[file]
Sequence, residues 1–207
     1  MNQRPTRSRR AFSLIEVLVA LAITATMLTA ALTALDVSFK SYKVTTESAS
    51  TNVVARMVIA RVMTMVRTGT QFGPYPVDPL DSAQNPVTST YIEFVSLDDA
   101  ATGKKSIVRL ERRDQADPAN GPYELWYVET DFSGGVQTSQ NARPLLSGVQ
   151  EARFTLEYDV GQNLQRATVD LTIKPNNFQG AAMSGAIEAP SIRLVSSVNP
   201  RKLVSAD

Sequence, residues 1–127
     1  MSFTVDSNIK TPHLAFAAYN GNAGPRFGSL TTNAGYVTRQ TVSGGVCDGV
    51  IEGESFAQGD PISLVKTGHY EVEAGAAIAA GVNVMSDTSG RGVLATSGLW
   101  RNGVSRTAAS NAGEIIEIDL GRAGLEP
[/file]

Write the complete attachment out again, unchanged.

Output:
Sequence, residues 1–207
     1  MNQRPTRSRR AFSLIEVLVA LAITATMLTA ALTALDVSFK SYKVTTESAS
    51  TNVVARMVIA RVMTMVRTGT QFGPYPVDPL DSAQNPVTST YIEFVSLDDA
   101  ATGKKSIVRL ERRDQADPAN GPYELWYVET DFSGGVQTSQ NARPLLSGVQ
   151  EARFTLEYDV GQNLQRATVD LTIKPNNFQG AAMSGAIEAP SIRLVSSVNP
   201  RKLVSAD

Sequence, residues 1–127
     1  MSFTVDSNIK TPHLAFAAYN GNAGPRFGSL TTNAGYVTRQ TVSGGVCDGV
    51  IEGESFAQGD PISLVKTGHY EVEAGAAIAA GVNVMSDTSG RGVLATSGLW
   101  RNGVSRTAAS NAGEIIEIDL GRAGLEP